American History Told by Contemporaries: Building of the Republic 1689 - 1783, Volume 2

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Albert Bushnell Hart
The Minerva Group, Inc., Jul 1, 2002 - History - 653 pages
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This volume draws less on documents - charters, messages, resolutions, declarations, instructions, statutes, and treaties - than on those kinds of material in which the personality of the writer plays a greater part - journals, letters, reports, discussions, and reminiscences.The first half of this volume is to show the interest and the continuance of colonial history from the end of the seventeenth century to the outbreak of the Revolution. The lessons of this Aforgotten half-century@ are not to be found in the petty events of each colony, but in the growth of principles of government and of a social and economic system. Hitherto it has been hard to study this important formative period, because the illustrative material was so scattered - perhaps this volume will help to bring out the significance of the growth of an American spirit which made union and independence possible.The history of the American Revolution, which is the subject of the second part of the volume, has usually been written as annals of military campaigns. This volume brings out, from the writings of the time, the real spirit of the Revolution: the ill-judged restrictive system of the home government; the passionate arguments for and against taxation; the fervor of the irregular opposition in the colonies. Patriots, Englishmen, and loyalists speak for themselves, and thus make clear that increasing and unappeasable discontent whcih preceded and explains the Revolution.Our forefathers did interesting things and left entertaining records. The story of our nation=s development is clearer for the suggestions made by these writers. They are prejudiced; they see but a part of what is going on; they leave many gaps; but, after all, they tell the story.The collection was selected and edited in 1900 by Albert Bushnell Hart, Professor of History at Harvard University, and a well-respected and published scholar.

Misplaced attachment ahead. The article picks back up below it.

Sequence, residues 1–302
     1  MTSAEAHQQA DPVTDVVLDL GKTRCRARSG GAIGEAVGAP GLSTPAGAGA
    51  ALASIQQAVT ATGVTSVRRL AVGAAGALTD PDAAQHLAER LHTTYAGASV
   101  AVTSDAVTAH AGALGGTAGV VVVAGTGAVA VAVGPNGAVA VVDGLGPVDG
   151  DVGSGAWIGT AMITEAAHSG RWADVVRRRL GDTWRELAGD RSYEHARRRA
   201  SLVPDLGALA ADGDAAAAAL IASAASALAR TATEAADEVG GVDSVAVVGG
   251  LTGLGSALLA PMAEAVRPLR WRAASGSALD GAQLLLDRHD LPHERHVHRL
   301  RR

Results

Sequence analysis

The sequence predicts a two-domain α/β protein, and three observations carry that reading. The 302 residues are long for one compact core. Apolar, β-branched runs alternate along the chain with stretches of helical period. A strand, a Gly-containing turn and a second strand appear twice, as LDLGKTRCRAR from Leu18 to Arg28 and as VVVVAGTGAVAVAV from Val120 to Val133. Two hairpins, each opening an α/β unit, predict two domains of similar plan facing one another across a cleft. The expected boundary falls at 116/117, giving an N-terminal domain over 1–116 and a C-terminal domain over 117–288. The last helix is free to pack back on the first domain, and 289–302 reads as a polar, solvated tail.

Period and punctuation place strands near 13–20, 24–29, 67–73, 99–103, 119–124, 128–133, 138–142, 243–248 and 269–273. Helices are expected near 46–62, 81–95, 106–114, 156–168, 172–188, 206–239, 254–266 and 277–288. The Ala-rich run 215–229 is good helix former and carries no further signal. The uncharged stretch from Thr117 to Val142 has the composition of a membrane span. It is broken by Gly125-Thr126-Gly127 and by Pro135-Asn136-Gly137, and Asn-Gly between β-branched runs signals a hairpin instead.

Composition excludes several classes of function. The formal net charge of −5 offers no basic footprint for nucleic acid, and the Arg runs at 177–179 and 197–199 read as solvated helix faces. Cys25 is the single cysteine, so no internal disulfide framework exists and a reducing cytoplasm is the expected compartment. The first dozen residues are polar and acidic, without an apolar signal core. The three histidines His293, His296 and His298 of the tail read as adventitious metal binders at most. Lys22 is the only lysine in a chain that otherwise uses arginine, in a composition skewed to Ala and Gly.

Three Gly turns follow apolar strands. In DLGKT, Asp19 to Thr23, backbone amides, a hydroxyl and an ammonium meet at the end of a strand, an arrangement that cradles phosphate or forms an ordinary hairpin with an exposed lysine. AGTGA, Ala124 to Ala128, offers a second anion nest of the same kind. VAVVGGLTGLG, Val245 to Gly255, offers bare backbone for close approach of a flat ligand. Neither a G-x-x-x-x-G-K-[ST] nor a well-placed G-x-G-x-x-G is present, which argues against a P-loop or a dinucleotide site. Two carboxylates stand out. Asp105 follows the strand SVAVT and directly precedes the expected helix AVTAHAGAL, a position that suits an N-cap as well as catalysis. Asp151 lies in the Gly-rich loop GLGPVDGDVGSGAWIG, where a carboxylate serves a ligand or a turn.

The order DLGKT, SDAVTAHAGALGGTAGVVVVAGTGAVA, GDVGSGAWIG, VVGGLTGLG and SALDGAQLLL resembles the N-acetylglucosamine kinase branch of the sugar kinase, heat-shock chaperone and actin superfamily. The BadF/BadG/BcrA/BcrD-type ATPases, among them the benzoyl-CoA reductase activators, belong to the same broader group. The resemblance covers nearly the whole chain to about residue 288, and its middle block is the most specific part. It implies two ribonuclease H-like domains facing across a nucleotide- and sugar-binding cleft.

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Contents

PART I
1
Libraries of Sources in American History
10
USE OF SOURCES
22
Use of Sources by Readers
28
PART II
35
MIDDLE COLONIES
65
PAGE
110
COLONIAL COURTS
188
THE INDIANS
327
THE FRENCH AND INDIAN
352
PART VI
373
THE STAMP ACT CONTROVERSY
394
Josiah Quincy Jr
397
THE ISSUE OF COERCION
434
THE AMERICAN FORCES
481
CHAPTER XXIXTHE BRITISH FORCES
500

PAGK
205
COMMERCE AND CURRENCY
244
CHAPTER XVRELIGIOUS LIFE
276
INTERCOLONIAL 16891764
312
FRENCH ALLIANCE 17781779
574
CRISIS IN DOMESTIC AFFAIRS 17791782
591
PEACE
619

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